A culi­nary jour­ney

Sunday Herald Life - - FOOD & DRINK - By Su­mayya Us­mani Su­mayya Us­mani co-presents BBC Ra­dio Scot­land’s Kitchen Cafe. Her books, Sum­mers Un­der The Ta­marind Tree and Moun­tain Berries And Desert Spice are out now, pub­lished by Frances Lin­coln Visit sumayyaus­mani.com Twit­ter @SumayyaUs­mani

IRECEIVED mixed re­ac­tions when I de­cided to move to Scot­land. Some jeal­ousy was in­ter­min­gled with raised eye­brows and an un­mis­tak­able smirk when it came will­ing­ness to em­brace Scot­land’s no­to­ri­ously er­ratic weather. “It’s not that bad,” I de­fen­sively re­marked, along with the usual come­back re­gard­ing proper cloth­ing. But the truth is, what I eat de­ter­mines how I brave tem­per­a­tures.

Many Scot­tish recipes are based on com­fort eat­ing, and most in­clude a va­ri­ety of tuber­ous crops – of which pota­toes reign supreme. But breads made us­ing ei­ther mashed or grated pota­toes speak to me.

Since mov­ing here, I’ve been cap­ti­vated by the “tat­tie scone”: a hy­brid be­tween bread, scone and pan­cake. To me it is the “aloo paratha” of Scot­land, be­ing fried on a gir­dle (parathas are cooked on a tawa, which is a sim­i­lar uten­sils). My mother’s recipe for this South Asian ghee-based flat­bread uses a sim­i­lar method of mix­ing flour with mashed potato, spices and herbs, though most Pun­jabi recipes fill the flat­bread with a spicy potato mix­ture in­stead.

Scot­tish food writer Sue Lawrence adds cheese to her tat­tie scones, which she tells me are great with soup, rather than merely part of the Scot­tish break­fast fry-up. Re­cently I have en­deav­oured to find out about other potato breads, in­clud­ing the Ir­ish potato farl or fadge as it is known.

Ac­cord­ing to North­ern Ir­ish food writer Diana Henry, farls are the same as Ir­ish potato bread, ex­cept that they are cut round and into four (the Gaelic word “farl” means “four parts”) rather than be­ing flat and square or tri­an­gu­lar. Diana stresses that no-one who’s Ir­ish would ever eat fadge cold, it is al­ways warmed, fried in but­ter or heated. I wouldn’t eat a paratha cold ei­ther.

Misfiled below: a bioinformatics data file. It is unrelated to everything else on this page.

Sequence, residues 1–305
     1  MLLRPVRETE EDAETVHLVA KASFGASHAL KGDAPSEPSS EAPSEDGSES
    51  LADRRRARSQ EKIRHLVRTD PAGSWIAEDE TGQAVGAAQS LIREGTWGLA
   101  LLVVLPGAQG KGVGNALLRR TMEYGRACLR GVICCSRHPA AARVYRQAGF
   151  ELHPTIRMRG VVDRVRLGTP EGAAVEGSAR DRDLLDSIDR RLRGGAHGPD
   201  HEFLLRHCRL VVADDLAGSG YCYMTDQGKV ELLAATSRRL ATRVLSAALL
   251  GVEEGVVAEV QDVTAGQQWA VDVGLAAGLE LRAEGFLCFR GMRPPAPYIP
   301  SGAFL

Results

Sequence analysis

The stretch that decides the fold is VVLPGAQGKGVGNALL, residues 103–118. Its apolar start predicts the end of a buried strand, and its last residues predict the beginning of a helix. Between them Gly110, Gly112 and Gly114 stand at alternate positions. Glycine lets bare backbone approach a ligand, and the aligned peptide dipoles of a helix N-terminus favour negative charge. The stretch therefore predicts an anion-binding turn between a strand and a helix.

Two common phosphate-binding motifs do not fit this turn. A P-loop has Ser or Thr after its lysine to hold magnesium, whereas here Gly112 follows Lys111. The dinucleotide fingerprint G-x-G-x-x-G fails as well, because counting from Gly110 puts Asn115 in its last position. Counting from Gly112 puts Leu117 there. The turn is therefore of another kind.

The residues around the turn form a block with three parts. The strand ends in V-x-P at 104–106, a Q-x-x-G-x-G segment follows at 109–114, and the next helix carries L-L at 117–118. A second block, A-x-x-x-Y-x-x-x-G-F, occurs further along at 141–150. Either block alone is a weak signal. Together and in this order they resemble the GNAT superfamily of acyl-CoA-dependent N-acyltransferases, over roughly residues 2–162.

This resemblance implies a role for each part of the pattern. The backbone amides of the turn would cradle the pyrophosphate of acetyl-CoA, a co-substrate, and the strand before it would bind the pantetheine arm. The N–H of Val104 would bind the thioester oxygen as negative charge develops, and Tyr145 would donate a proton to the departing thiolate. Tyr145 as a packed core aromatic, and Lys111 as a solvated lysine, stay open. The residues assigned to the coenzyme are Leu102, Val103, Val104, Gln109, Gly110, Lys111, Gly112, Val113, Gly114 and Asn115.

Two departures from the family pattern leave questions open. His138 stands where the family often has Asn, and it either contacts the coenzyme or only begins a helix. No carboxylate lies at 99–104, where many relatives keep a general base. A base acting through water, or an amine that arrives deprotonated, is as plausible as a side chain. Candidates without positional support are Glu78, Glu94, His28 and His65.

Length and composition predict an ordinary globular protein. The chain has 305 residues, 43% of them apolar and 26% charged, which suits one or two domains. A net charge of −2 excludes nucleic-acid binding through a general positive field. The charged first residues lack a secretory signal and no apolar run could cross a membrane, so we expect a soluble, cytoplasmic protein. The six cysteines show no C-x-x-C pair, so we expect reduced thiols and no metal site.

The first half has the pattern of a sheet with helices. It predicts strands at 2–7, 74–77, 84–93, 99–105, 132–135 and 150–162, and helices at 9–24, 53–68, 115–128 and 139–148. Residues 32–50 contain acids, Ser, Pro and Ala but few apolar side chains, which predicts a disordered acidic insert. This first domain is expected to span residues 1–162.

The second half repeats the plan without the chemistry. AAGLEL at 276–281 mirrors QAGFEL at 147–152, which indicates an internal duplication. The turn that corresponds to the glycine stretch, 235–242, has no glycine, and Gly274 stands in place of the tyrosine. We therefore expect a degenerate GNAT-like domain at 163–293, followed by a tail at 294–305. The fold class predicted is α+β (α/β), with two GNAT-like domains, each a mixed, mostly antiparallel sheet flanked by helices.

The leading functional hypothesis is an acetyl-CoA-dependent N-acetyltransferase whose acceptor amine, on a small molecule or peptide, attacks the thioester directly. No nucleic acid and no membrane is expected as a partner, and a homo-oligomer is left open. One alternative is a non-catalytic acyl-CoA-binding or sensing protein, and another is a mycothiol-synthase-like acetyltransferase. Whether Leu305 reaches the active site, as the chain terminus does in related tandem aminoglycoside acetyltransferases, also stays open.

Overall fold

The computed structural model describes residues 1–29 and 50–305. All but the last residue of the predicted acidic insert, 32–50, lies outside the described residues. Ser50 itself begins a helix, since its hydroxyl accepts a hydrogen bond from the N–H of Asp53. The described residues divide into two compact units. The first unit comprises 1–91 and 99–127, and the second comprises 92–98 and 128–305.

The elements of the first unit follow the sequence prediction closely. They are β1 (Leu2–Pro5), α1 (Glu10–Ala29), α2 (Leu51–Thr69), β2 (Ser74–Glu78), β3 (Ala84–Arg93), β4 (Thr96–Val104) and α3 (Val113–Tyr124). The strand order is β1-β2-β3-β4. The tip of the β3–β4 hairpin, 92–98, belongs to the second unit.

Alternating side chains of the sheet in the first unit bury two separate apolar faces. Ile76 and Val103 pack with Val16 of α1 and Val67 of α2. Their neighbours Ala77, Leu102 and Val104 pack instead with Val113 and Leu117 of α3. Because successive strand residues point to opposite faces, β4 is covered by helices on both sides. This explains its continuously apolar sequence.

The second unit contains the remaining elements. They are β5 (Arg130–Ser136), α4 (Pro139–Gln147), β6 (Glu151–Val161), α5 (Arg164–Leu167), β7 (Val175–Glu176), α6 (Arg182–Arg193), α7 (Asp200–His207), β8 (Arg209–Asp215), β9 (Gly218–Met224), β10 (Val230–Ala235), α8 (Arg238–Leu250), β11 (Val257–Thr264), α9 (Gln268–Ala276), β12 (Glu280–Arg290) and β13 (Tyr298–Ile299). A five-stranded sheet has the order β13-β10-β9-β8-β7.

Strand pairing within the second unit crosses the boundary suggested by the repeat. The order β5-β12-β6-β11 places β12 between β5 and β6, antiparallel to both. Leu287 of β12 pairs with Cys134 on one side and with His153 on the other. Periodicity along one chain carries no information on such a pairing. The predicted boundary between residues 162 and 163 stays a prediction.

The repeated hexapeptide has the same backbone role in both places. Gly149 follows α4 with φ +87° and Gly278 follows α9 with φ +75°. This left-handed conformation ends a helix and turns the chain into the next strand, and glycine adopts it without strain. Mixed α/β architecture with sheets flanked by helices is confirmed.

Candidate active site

Around the world there are many cul­tures that in­dulge in this car­bo­hy­drate dou­ble whammy: flour with potato, which equals in­tense, soul-sat­is­fy­ing com­fort. My friend, the food writer Olia Her­cules, told me about a Ukrainian Easter bread made with fer­mented pota­toes called “kulich” or “pasha” in the south. Olia calls it a “slightly bonkers cousin of the Ital­ian panet­tone”, which she cooks in cleaned-out tomato tins: the recipe can be found in her first book, Ma­muskha (Mitchell Bea­z­ley).

Else­where in East­ern Europe, my taste buds are en­livened to find yet an­other fried potato bread in Hun­gary called “lan­gos” which is some­times called Hun­gar­ian pizza, made with a yeast dough and mashed potato and flour. This recipe, in­tro­duced by the Turks cen­turies ago, is now a firm part of their cui­sine. Rubbed with gar­lic, sprin­kled with salt and the dough in­cor­po­rated with car­away, it sounds like a heav­enly snack with some tea.

The Pol­ish do love their pota­toes, and I par­tic­u­larly like the sound of Pol­ish “chleb kartoflany”. My friend Ren Be­han, au­thor of Wild Honey And Rye (Pavil­ion Books), tells me about this bread made with mashed potato, in­clud­ing the cook­ing wa­ter. I think I might have to roll up my sleeves and knead this one a bit!

Ger­man breads such as “kartof­fel­brot” and Rus­sian “kartofel khleb” use mashed pota­toes to keep the loaves soft and fresh for longer. I am yearn­ing to make Nor­we­gian “lefse”, a pa­per-thin potato bread made with spe­cial long lefte sticks and cooked on lefte grid­dles.

I am sure I have merely scratched the sur­face of the potato bread map, which shows how his­tory, travel and mi­gra­tion have changed the way peo­ple bake, but all th­ese breads re­sulted from a need to use fru­gal in­gre­di­ents and leftovers, stretch wheat us­age and add com­fort with spices, but­ter or herbs.

Christo­pher Trot­ter, Fife’s Food Am­bas­sador, says “there is noth­ing hum­ble about the potato”. To me, the com­bi­na­tion of wheat and potato is a kitchen hero, ever pre­pared to fill you with hap­pi­ness.

Be­ing Pak­istani, I am al­ways drawn to my home-cook­ing, and so I share my mum’s aloo paratha. Now that I’m am proudly an adopted Scot, how­ever, I’m call­ing it my “paratha scone”. It helps me find com­fort in Scot­land with a taste of home.

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